Use of first names

When introduced you should have learned the person’s first and last name and possibly their title. Members of the older generation should be called by their formal title until you are told that this is not necessary. This may mean saying, for example, ‘Mrs Debrett’, even when she was introduced as ‘Emma Debrett’. In practice most people will say ‘Emma, please!’ though some very senior people may never suggest it.

Anything other than first names would be unusual amongst younger people in an ordinary social situation. However, you should probably not use nicknames unless you know the person, or are invited to do so.

Nicknames and Shortened Names
If you have a childhood or family nickname, and are introduced as such to someone new, you may give a brief explaination of why you have the nickname; by telling the other person your real name you may indicate that you would prefer it to be used, rather than your nickname.

Men often have names based on their last name, such as ‘Smithy’, but avoid using them when you first meet, even if everyone else is doing so.

With standard abbreviations, such as ‘Jo’ for Joanna, try to notice how they refer to themselves. It may be that they dislike the contraction.

If in doubt, ask the person if they are always called by their nickname or shortened name, but the safest option is not to use any name at all at first.

Small Talk
Small talk

Polite conversation or small talk smooths the way when you first meet someone, making it a valuable tool for social interaction.

Opening Gambits
If you have just been introduced and exchanged ‘How do you dos?’ you will need to think of something to follow it up. It is polite to make your next remark fairly promptly and not leave a silence. If your hostess or the person who has introduced you has given you a helpful clue then follow that up. Otherwise you may want to ask how they know the host or hostess or try an old royal standby, ‘Have you come far?’ You can mention the weather or, if you are at a party or an event, make a general comment about the scene. Sport, or a recent sporting event, is also a good ice-breaker.

‘Where are you from?’, which is standard in America, or ‘What do you do?’ were traditionally seen as too direct in Britain, so it is best to be more circumspect.

Making Conversation
Do not be afraid of sounding dull. Good eye contact and a ready smile will enliven any conversation. The key thing is to give the other person an easy opportunity to respond. Once the conversation has got going remember to take turns and to listen. When the conversation is one to one, make sure you pay attention and do not look over the person’s shoulder for more amusing company, however tempting it may be. If you are trapped by a real bore then it is more polite to escape quickly than to look over their shoulder.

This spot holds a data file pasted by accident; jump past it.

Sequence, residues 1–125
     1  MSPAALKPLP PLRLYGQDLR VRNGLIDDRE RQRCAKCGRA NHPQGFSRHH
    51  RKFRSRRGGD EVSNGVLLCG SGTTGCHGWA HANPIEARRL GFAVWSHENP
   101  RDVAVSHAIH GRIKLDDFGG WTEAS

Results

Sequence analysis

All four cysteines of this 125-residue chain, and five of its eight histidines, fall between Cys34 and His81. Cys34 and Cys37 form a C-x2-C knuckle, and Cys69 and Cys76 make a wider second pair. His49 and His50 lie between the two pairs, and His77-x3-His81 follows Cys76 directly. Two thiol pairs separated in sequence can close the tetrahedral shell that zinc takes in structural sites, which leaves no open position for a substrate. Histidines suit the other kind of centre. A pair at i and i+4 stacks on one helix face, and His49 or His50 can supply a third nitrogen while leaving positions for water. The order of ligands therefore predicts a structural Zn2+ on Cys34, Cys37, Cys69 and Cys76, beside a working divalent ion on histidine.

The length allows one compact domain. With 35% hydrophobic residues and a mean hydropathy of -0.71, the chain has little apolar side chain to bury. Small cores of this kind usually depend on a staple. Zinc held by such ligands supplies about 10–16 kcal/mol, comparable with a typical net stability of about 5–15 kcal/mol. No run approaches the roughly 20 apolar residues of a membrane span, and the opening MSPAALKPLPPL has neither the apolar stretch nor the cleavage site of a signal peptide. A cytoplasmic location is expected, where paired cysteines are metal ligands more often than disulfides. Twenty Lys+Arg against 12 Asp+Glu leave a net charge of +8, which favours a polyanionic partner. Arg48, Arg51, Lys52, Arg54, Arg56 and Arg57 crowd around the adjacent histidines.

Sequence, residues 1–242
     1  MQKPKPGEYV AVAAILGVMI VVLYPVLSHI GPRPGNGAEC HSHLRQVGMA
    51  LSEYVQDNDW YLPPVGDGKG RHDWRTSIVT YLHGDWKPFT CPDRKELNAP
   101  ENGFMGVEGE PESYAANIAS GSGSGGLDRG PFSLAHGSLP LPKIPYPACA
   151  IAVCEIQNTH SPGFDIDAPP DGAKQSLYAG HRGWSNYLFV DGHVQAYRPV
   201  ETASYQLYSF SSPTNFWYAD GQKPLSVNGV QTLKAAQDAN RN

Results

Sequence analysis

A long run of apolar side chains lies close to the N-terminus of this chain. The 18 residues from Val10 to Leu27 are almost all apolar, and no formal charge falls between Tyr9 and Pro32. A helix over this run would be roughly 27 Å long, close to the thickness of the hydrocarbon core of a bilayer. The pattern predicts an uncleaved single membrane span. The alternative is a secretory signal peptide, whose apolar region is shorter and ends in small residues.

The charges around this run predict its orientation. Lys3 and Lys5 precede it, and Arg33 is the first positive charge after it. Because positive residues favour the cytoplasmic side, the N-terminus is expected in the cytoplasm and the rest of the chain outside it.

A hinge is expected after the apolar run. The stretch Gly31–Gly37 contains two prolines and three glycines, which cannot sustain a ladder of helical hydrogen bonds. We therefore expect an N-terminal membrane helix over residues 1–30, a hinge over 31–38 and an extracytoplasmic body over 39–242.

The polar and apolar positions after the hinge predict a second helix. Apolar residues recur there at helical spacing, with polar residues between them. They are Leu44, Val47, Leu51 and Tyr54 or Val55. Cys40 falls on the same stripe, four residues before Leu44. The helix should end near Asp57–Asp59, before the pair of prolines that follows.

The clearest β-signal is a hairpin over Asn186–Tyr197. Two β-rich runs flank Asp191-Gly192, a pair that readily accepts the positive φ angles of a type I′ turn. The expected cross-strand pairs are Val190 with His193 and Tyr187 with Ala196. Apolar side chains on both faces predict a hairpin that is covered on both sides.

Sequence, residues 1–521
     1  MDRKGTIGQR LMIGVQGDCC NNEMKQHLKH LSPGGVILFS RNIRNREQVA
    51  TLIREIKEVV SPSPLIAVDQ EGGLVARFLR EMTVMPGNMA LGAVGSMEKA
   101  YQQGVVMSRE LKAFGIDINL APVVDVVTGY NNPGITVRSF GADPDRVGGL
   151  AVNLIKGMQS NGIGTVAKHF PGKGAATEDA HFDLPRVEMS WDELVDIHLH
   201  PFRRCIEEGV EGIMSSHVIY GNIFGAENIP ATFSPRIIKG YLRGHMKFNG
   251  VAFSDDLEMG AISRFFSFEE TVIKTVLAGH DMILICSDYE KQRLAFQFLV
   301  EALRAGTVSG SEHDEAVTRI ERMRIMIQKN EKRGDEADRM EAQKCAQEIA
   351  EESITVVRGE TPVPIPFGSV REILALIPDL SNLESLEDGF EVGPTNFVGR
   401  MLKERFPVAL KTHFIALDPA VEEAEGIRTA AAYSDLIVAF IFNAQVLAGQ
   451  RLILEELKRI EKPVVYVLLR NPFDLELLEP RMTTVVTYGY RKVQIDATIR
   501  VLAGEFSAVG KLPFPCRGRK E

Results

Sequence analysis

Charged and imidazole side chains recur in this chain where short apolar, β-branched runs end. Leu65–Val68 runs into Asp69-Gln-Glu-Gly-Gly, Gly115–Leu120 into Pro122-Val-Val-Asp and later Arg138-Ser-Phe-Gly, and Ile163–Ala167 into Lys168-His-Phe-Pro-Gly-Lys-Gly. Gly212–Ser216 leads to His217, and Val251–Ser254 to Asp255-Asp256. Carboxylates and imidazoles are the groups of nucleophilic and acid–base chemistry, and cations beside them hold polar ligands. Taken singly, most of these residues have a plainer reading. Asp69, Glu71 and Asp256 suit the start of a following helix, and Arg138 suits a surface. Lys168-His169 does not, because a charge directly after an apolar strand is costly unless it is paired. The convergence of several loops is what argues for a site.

When you are participating in a group conversation the rule is to share and make sure everyone is included. If a known raconteur has the floor and you know someone else is shy or a natural listener you might want to include the latter as part of your response: ‘Charlotte, don’t you know southern Spain very well?’

Breaking Off
If someone joins you when you are deep in conversation with one other person you must give it up, however annoying and inconvenient it may be. Include the newcomer and make them welcome by changing the subject or making a link. ‘You won’t want to hear about our local dramas. How are things with you?’ It is possible that you should have been keeping your private or serious conversation for a less public or social occasion.

Topics to Avoid
Steer clear of religion and politics and don’t talk shop to people other than colleagues. It is unwise to make assumptions, for example that everyone may have the same background or views as yourself.

Ask questions but try not to interrogate or make it seem as if you are trying to get a fix on the person or pigeonhole them by discovering where they live or what they earn. At the same time it is not unreasonable to try to find common ground by asking rather indirect questions. People will usually indicate whether or not they have children, or are married, so don’t ask directly.

Small talk can seem like insincerity or a complicated dance but it is tried and tested. Wait until you know someone better before being braver with topics. Trying to be controversial on purpose is really just showing off. One-upmanship is unattractive and can just make you seem insecure rather than impressive. Social interaction is not meant to be a competition.